Phantom of the Opera (1943) is the only Universal monster movie released in technicolor. It was given a much more lavish production set in a grand colorful opera filled with elaborate musical numbers. All that added attention also made Phantom of the Opera the only Universal monster movie to win Academy Awards. It was nominated for Best Music & Sound Recording and won the Oscar for Best Art Direction & Cinematography. Despite so many distinctions, I always knew more about the silent 1925 original than the 1943 adaptation. Maybe because Phantom of the Opera makes so many changes from Gaston Leroux’s French novel and the more faithful 1925 film. Changes that would define later versions of the Phantom for decades.
Lon Chaney Jr. was understandably mad about not being asked to play the role his father revolutionized. Instead his on-screen father Claude Rains wears the mask. Rains has matured a great deal since his days as The Invisible Man, but I have mixed feelings about the direction. The Phantom was meant to be a deformed man with a mysterious past who haunts the Paris Opera House. The renamed Erique Claudin is given an entire backstory that removes all the mystery. Claudin is a humble violinist with an unspoken love for renamed Opera singer Christine DuBois. Christine is now loved by three men including Edgar Barrier as the renamed Inspector Raoel Dubert and Nelson Eddy as original opera singer Anatole Garron. Their rivalry is very overly comedic.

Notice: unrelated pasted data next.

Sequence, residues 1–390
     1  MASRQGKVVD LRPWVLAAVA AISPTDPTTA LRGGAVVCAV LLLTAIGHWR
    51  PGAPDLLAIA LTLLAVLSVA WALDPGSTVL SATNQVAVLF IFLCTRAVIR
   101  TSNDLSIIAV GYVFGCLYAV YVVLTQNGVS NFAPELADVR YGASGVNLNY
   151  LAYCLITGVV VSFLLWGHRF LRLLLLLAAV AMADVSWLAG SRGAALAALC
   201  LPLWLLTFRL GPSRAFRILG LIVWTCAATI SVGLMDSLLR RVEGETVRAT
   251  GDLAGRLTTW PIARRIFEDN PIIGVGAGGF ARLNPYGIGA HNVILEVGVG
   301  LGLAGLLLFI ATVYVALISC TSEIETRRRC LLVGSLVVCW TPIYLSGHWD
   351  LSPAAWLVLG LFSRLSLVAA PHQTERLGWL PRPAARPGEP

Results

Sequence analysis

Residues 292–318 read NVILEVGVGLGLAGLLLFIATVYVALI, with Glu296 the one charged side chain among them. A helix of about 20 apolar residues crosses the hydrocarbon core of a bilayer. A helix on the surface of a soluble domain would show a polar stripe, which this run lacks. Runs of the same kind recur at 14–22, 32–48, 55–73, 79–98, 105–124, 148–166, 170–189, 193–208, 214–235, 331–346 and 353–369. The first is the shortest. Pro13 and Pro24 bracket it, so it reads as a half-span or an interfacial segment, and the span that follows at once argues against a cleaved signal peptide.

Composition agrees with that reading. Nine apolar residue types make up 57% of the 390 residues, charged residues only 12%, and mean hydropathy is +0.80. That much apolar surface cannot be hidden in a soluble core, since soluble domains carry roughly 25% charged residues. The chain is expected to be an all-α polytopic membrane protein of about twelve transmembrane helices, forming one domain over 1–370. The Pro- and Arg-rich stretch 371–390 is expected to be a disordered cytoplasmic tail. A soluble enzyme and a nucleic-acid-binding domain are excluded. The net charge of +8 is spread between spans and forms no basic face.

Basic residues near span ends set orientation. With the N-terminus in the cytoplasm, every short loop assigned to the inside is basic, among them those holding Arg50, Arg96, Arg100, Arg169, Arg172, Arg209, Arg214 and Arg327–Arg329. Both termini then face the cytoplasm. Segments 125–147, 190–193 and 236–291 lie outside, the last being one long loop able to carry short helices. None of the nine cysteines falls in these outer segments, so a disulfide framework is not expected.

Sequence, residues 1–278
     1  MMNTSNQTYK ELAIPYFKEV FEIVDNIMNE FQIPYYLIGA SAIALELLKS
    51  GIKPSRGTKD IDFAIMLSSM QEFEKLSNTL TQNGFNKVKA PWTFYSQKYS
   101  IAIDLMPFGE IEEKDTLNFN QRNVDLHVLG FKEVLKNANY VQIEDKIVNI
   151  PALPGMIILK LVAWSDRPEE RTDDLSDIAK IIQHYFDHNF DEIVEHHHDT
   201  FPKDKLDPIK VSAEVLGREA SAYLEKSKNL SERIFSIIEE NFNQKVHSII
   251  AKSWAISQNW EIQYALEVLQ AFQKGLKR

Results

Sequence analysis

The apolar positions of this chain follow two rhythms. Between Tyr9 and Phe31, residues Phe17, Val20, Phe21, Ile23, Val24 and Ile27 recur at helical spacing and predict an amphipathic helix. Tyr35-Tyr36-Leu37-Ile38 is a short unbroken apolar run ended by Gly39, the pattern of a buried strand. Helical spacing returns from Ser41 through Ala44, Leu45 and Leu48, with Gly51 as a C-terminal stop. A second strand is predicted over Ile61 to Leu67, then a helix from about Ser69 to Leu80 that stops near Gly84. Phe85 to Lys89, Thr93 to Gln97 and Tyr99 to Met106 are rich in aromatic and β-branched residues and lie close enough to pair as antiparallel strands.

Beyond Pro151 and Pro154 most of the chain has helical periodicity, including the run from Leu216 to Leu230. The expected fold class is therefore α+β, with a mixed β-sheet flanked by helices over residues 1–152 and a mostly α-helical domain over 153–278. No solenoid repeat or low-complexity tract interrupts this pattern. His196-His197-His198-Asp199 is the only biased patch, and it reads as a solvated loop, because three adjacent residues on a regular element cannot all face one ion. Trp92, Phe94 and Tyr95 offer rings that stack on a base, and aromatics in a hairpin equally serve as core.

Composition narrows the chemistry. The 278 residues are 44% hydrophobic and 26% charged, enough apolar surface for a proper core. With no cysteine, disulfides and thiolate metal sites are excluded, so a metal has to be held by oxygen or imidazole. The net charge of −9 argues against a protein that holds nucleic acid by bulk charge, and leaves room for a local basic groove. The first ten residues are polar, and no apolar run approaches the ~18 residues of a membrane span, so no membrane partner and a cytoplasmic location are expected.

Susanna Foster is a fine singer and lead actress, but there’s way more focus on well composed music than genuine horror. Claudin only appears monstrous when he thinks his music is being stolen and acid is thrown in his face. So he dons a cape, a fedora, and an opera mask. Like the silent film, the Phantom appears mostly in shadow, harms anyone who threatens Christine’s career, brings down a chandelier, and lures his love into an underground lair where she pulls off his mask. The reveal doesn’t have the same impact since his red disfigurement is more unsightly than terrifying. Since a sequel titled The Climax never officially happened, the Phantom’s supposed death feels very anticlimactic. Phantom of the Opera is well arranged for the horror studio, but it doesn’t always live up to its legacy.